Democratic lawmakers in the House were told Friday to be prepared to vote on a budget this week that increases professional fees.
“We think there needs to be some equity in the fees that have been on the books for a very long time,” Rep. Jeff Berger, D-Waterbury, said Friday.
By boosting the fees on professional licenses and possibly trying to get businesses to voluntarily give up their tax credits for two years, Democratic lawmakers believe they will be able to solve the 2017 budget shortfall.
At the same time, because of those fee increases, it’s expected that Democratic Gov. Dannel P. Malloy will veto their budget proposal. The fee increases would be considered a new tax and Malloy has said he won’t sign a budget that increases taxes, borrows, or uses the rainy day fund to balance it.
Some Democratic lawmakers are concerned that House Speaker Brendan Sharkey, D-Hamden, is putting their re-election campaigns in jeopardy by forcing them to vote for what is essentially a tax hike.
Sharkey, who declined to say exactly what’s in the Democratic budget package, said “everyone understands the nature of the problem and the choices that we have.”
As far as fee increases are concerned, Sharkey said it’s “not unreasonable to look at things that have not been looked at for five or six or 10 years.” He said he thinks it will generate enough revenue to prevent some of the harder spending cuts, which is the other thing people are the most concerned about.
Sharkey expects to have a better idea of what the revenue figures look like before Tuesday when they could vote on a budget.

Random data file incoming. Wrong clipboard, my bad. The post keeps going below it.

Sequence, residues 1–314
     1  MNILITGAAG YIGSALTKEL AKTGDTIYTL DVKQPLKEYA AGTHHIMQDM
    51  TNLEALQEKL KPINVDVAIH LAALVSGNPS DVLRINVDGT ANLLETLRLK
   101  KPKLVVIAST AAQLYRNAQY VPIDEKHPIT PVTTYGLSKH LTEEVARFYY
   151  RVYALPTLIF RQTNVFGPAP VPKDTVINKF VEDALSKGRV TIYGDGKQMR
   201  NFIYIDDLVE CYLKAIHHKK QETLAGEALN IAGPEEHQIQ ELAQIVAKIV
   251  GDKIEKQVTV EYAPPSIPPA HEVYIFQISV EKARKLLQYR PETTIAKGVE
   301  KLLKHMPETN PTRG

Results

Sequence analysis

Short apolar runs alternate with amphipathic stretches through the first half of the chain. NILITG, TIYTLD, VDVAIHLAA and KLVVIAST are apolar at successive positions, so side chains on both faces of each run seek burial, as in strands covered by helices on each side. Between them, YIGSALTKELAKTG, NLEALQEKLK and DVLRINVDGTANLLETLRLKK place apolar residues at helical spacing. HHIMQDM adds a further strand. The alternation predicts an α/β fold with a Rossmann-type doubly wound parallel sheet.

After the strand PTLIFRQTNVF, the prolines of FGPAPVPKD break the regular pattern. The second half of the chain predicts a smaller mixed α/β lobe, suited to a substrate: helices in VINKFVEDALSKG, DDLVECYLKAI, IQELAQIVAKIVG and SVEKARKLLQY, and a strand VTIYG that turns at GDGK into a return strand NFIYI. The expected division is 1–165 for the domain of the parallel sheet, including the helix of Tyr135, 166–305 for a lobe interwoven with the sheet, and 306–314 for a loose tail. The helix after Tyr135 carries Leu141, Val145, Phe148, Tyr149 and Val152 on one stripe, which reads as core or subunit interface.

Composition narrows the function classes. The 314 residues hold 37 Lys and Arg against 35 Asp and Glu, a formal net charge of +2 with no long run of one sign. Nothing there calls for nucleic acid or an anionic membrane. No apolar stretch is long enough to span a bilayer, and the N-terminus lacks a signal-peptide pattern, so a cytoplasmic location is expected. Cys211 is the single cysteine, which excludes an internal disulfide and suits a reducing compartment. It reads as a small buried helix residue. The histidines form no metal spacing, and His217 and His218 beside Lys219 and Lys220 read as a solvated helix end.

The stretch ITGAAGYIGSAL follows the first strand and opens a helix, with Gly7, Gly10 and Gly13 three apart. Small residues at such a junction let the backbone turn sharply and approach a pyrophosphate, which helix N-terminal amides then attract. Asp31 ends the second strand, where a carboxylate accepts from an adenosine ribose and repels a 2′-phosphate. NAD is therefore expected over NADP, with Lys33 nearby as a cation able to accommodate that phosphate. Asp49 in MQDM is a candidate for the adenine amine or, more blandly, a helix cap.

Republican legislative leaders are expected to release their own alternative budget proposal at 11 a.m. Monday.
Senate Minority Leader Len Fasano, R-North Haven, has said Republicans have been hesitant to share their ideas because they could be stolen by Democratic lawmakers and then Republicans, who are at the negotiating table for the first time, would get shut out if the Democrats reconciled their differences with Malloy.
Fasano said he’s also scared they could cherry pick ideas from a Republican budget when “there’s a holistic approach” included in that budget.
“Taking some of it doesn’t make it bipartisan,” Fasano said.
Democratic lawmakers declined to meet twice last week with Malloy to discuss the budget.
The first budget proposal the Democrat-controlled Appropriations and Finance Committees put forward the first week of April fell short of addressing the entire deficit. That’s when Malloy took the unusual step of revising his first budget proposal and finding an additional $352 million in spending cuts.
That budget was viewed by lawmakers in his own party as a “public enemies list,” and prompted Sharkey and Senate President Martin Looney to skip meetings with the governor.
“I’m not about to cut another dollar out of anyone’s budget . . . until we actually know what we’re talking about,” Sharkey said last week.
Republicans legislative leaders continued to meet with Malloy.